A whole host of folklore tales and fascinating stories revolve around Windermere, the Lake District's largest lake.

One of the most intriguing tales is the story behind the legendary Tizzie-Whizie.

It was allegedly first spotted by a Bowness boatman all the way back in 1900.

He regaled tourists in the town’s Stag’s Head Hotel about his thrilling encounter with the extraordinary creature.

Shy, water-loving creatures, Tizzie-Whizies are reputed to have the body of a hedgehog, the tail of a squirrel or fox and a pair of bee-like wings.

But the real truth might just be the work of incredible marketing from an ingenious Cumbrian.

How the legend came to be:

After the "sighting", it is said that the boatman headed to the pub, naturally.

According to legend, as he started his third pint, six tourists from London flocked inside.

He looked at them, raised his right eyebrow, and took a deep puff from his pipe.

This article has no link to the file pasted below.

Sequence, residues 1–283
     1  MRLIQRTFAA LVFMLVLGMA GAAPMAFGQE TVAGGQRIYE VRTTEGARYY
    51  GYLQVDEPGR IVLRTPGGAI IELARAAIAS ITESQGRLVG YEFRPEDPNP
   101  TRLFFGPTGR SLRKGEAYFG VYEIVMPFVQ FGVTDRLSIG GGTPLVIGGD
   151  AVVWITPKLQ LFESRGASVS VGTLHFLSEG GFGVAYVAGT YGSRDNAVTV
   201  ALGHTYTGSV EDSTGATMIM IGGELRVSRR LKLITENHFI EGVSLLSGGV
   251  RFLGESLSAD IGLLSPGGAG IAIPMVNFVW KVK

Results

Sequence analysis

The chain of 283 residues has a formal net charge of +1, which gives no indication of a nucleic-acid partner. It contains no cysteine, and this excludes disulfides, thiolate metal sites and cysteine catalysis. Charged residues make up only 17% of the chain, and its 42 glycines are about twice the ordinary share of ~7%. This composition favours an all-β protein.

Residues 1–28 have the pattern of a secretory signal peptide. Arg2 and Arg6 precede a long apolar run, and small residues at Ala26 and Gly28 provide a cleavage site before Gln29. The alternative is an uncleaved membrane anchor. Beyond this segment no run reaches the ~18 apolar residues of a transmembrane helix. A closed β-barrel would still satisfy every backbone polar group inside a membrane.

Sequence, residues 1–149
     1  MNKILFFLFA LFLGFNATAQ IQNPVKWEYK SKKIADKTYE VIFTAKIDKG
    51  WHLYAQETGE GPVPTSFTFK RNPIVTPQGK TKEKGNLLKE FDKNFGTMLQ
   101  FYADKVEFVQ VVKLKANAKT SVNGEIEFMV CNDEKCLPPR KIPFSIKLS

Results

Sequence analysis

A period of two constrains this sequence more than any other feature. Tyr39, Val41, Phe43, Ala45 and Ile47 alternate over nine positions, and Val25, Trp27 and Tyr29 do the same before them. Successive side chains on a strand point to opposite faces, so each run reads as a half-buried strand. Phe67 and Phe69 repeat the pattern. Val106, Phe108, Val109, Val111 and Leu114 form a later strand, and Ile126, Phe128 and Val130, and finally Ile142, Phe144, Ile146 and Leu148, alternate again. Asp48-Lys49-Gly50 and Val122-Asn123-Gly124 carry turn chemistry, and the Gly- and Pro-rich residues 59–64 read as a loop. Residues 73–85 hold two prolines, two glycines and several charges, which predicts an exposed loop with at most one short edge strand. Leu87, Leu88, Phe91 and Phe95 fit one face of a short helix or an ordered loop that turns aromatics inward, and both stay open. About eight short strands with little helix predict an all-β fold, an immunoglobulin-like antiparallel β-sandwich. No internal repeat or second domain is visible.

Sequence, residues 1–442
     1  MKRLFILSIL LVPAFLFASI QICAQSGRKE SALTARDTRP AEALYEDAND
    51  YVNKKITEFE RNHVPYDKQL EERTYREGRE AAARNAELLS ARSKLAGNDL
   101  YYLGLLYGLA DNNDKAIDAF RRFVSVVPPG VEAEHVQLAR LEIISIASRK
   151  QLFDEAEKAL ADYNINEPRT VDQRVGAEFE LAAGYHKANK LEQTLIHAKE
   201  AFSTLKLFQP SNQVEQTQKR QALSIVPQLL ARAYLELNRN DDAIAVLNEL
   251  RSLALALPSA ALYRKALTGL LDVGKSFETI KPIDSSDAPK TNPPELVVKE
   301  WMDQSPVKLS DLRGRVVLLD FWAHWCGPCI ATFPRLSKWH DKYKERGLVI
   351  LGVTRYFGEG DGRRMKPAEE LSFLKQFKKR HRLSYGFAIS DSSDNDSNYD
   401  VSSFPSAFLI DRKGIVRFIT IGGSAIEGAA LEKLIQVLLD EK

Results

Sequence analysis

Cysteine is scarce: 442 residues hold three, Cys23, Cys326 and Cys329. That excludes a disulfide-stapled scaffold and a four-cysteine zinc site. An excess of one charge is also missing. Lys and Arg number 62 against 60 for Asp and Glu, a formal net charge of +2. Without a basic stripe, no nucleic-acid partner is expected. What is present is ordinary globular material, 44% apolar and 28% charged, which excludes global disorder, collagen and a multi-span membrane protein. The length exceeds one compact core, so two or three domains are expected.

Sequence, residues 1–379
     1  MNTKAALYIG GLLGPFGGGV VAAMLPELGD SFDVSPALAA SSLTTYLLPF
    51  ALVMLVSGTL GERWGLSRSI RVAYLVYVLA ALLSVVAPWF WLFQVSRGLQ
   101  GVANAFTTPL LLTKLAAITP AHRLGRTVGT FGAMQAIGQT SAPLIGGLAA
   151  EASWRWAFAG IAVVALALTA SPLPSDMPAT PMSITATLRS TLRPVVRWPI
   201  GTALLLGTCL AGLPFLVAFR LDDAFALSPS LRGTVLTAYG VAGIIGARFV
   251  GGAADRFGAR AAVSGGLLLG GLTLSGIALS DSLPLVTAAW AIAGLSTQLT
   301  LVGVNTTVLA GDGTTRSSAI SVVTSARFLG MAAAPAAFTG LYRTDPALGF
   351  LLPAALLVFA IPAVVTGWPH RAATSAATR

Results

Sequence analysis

The night crawled on, and he mustered up the energy to talk to the young crowd.

They loved his local accent and a young lady asked, “So you’ve been here a long time, you absolutely must tell us about some of the regional myths and legends.

"I love that stuff. I’ve bought hundreds of books and gone on fairy hunts throughout England.”

News and Star: Tourists loved the story and even agreed to go on ‘Tizzie Whizie Hunts’ (Getty)Tourists loved the story and even agreed to go on ‘Tizzie Whizie Hunts’ (Getty) (Image: Getty)

The Boatman took another long draw from his pipe and looked around the room.

A painting of a hedgehog hung on the wall and several flies banged into the cobwebbed lamp.

He told them of the Tizzie Whizie.

They loved his story and so the boatman used to conduct Tizzie Whizie hunts, charging of course.

The evasive Tizzie Whizie would invariably finish under one of the piers and one of the tourists engaged in the hunt would be 'accidentally' pushed into the lake.

Sometimes the boatmen would say that it had escaped to Belle Isle and if any of the hunt followers wished they could be taken across the lake to look for it.

When asked why they couldn't see it flying across the lake, the reply was 'because it was a very good underwater swimmer'.